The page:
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'I understand parents' concerns': new Education Minister Jennifer Whiteside on COVID and schools

The #SickOutBC protest is a parent-led effort to raise awareness of concerns over safety in schools by having parents keep their children home on Tuesday, Dec. 1.
New Westminster MLA Jennifer Whiteside has just been sworn in as education minister, at a time when concerns over COVID-19 in schools are rising. Photograph By FILES, CONTRIBUTED

On the eve of a planned B.C. Student Sickout protest, B.C.’s new minister of education wants parents to know she’s hearing their concerns about COVID-19 in schools.

The #SickOutBC protest is a parent-led effort to raise awareness of concerns over safety in schools by having parents keep their children home on Tuesday, Dec. 1.

“I understand parents’ concerns, and I know that, like all of us, they want to ensure their kids are safe,” said Jennifer Whiteside, New Westminster MLA and the newly named education minister, in an interview with the Record Monday.

Whiteside stressed the message that has been heard repeatedly from provincial health officer Dr. Bonnie Henry: that the COVID-19 situation in schools reflects the situation in the wider community. As COVID-19 numbers go up around the province, and particularly in the Fraser Health region – where Surrey, most of all, has become the epicentre of the recent surge in numbers – the number of exposures being reported in schools is also climbing.

“What’s happening in schools mirrors what’s happening in our communities, and that means that we’ve actually seen quite limited transmission in schools because we have good safety plans in place,” she said.  “I know it is still a very anxious time, but it’s very important for us to recognize that the social and mental health outcomes for kids are better when they have access to in-class learning.”

Whiteside noted the government’s priority is to keep schools safe so students can stay in class.

“We need to do everything we can to keep schools open,” she said. “That’s what we’re going to do. We’re working with districts; we’re working with all our partners in education … to do everything we can to make sure that the safety plans that have been developed are applied consistently.”

The fact that Whiteside is dealing with the provincewide protest within her first week on the job speaks volumes to the task that lies ahead.

“I’ve been the minister for what feels like all of five minutes,” she said.

Whiteside is well aware of the enormity of the task she’s faced with in taking the reins of the Ministry of Education in the midst of a viral pandemic.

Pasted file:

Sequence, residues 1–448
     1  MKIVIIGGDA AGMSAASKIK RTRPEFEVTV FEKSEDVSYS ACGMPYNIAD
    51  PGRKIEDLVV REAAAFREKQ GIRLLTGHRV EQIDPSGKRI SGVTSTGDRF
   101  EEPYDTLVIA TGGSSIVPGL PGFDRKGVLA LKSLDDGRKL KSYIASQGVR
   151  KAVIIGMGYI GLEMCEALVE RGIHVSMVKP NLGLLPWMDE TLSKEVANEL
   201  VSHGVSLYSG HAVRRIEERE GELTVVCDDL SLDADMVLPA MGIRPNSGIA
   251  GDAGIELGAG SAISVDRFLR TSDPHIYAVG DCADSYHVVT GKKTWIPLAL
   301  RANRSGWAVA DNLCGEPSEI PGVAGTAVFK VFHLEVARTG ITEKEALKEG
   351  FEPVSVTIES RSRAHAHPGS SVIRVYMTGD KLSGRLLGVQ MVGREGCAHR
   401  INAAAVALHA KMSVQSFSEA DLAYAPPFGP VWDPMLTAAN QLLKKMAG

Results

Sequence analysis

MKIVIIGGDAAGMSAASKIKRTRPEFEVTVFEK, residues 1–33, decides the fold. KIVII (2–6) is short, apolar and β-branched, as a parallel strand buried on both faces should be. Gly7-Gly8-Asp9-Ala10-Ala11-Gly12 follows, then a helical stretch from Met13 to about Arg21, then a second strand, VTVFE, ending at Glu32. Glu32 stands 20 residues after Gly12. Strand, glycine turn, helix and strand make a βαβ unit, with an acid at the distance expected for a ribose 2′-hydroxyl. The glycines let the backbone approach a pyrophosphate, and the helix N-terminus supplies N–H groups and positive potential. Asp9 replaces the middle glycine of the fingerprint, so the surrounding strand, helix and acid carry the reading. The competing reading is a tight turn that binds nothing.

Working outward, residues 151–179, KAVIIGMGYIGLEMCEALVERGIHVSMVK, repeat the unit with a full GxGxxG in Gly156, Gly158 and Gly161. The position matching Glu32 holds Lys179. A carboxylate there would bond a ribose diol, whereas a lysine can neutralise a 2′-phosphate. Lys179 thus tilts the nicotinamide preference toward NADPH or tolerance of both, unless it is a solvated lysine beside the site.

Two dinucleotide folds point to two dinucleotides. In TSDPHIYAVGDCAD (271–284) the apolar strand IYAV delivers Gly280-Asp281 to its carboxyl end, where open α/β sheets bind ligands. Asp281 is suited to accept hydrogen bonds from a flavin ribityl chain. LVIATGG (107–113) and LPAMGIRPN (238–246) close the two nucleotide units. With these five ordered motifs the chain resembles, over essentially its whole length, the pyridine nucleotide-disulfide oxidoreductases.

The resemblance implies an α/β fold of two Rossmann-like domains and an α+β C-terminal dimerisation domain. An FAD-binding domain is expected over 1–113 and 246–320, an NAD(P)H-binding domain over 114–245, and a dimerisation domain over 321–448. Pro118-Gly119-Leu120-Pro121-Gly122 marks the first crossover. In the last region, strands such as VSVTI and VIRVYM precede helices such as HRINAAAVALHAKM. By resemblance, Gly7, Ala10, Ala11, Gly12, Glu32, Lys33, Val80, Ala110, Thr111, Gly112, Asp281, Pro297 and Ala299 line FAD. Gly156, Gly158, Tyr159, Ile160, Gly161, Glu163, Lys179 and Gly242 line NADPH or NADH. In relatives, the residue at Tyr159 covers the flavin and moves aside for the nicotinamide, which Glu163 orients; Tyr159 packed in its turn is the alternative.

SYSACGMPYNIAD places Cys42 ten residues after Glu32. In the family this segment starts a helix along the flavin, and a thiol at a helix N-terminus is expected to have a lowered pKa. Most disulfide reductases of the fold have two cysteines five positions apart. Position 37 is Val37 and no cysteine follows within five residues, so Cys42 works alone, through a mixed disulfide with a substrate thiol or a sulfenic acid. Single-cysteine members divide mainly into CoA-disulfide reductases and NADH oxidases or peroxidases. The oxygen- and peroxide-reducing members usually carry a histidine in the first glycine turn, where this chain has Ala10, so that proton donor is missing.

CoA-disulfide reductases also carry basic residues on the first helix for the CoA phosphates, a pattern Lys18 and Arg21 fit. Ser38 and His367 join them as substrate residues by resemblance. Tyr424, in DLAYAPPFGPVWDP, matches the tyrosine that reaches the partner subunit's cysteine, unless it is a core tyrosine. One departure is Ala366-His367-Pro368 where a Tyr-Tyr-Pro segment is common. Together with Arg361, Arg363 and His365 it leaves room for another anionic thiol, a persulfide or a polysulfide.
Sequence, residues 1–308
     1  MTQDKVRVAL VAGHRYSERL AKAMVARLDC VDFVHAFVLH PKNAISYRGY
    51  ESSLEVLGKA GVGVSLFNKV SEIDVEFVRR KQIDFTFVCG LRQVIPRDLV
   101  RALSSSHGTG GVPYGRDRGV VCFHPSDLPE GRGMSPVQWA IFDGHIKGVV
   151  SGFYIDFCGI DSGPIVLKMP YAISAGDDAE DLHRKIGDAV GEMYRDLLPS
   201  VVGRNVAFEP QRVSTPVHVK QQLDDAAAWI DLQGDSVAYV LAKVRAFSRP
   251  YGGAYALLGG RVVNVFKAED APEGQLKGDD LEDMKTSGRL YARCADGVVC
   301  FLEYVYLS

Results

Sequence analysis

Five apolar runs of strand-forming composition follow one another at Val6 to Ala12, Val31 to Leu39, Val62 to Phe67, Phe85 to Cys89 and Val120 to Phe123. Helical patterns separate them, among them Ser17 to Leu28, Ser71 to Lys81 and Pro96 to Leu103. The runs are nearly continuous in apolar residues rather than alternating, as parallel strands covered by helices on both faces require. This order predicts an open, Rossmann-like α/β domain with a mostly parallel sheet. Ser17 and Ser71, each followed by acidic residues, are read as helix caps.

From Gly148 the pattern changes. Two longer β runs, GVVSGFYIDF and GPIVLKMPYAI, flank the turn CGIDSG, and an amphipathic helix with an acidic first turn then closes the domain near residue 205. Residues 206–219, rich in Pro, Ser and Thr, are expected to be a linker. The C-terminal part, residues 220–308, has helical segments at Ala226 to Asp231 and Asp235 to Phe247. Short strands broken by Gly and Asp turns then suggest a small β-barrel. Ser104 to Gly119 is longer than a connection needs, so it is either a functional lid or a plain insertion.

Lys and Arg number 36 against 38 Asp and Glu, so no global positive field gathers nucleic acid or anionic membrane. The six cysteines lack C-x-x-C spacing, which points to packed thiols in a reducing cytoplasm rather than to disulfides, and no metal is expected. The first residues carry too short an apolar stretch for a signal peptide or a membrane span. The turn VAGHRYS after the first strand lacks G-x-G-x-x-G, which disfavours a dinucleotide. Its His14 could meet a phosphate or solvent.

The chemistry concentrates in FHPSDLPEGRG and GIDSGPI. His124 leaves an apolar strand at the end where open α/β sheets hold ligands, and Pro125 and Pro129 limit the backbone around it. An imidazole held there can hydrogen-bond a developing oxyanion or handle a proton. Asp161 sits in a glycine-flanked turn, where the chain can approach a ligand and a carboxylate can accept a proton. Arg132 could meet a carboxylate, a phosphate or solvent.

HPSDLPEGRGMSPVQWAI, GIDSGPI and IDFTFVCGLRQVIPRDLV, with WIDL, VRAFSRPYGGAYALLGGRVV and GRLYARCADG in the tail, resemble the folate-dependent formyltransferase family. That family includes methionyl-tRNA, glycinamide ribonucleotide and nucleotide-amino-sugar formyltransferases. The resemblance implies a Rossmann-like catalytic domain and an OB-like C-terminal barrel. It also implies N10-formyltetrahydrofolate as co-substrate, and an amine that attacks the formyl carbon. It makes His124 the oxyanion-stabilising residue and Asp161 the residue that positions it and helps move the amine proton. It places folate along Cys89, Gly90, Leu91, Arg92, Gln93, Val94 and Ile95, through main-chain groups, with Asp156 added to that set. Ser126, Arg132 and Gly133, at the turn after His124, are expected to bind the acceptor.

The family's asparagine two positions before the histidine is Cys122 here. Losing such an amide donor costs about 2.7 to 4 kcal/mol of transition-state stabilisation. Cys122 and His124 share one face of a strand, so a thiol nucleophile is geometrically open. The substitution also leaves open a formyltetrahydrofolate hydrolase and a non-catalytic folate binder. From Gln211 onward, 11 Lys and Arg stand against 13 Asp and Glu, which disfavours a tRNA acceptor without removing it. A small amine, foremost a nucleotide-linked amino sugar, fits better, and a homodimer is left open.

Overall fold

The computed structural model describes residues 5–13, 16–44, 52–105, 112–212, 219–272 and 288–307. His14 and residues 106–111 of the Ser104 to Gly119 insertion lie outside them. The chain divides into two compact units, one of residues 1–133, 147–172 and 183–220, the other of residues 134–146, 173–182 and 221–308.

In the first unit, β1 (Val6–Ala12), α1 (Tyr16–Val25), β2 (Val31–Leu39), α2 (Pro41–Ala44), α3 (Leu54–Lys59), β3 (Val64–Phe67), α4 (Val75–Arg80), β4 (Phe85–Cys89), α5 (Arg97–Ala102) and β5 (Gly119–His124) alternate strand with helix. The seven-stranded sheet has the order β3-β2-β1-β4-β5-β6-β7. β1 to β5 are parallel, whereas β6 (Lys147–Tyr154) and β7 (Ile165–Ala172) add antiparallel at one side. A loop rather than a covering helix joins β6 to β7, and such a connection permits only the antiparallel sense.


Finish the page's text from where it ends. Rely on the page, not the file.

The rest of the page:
“These are unprecedented times for all of us,” she said. “We are dealing with challenges that we never anticipated we would have to deal with in our lifetime.”

Take those challenges and put a rookie MLA at the helm – Whiteside was just elected in October, taking over the seat formerly held by Judy Darcy – and the challenge is only magnified.

But Whiteside is not dwelling on the potential pitfalls.

“It’s a tremendous honour to have been asked by the premier to serve in what is such an important portfolio for our province,” she said.

“I have a deep commitment to our public education system, as I do to our public health-care system, so it’s a real privilege. I’m really excited about the opportunity to work with all of our education partners, to continue to improve what, for me, really is a system that is all about providing real opportunity and real equity for children in society.”

Whiteside comes into politics from a labour background, most recently as the secretary-business manager of the Hospital Employees’ Union, so she’s well aware of the political realities surrounding the pandemic.

“It’s very hard for everyone, and particularly so for those folks who are really on the front lines,” she said. “We need to continue to follow the provincial health advice that we’re getting from our very strong and competent leaders and really work together to ensure we have good lines of communication.”

Whiteside noted she’s already started communicating with the various partners in the system – the B.C. Teachers’ Federation, CUPE (the Canadian Union of Public Employees, which represents school support staff), the B.C. School Trustees Association. She had a chance to speak with school trustees virtually over the weekend, at the BCSTA academy, and she said over the coming days she’ll be taking part in briefings and conversations with all the partners involved.

She noted ministry staff are in regular contact with the superintendent of schools in Surrey about the situation in that district and said she’ll continue to follow the lead of health officials in B.C.

“Right through the emergence of COVID in March, we have been very fortunate to have strong and fair leadership from our health officials,” she said.

She stressed the importance of working with all partners to keep the public education system strong.

“I think the work that is done in our schools – by the teachers, the education assistants, the custodians, the principals, all the people who do such incredible work in the system – is so fundamental to building healthy communities and a strong society.”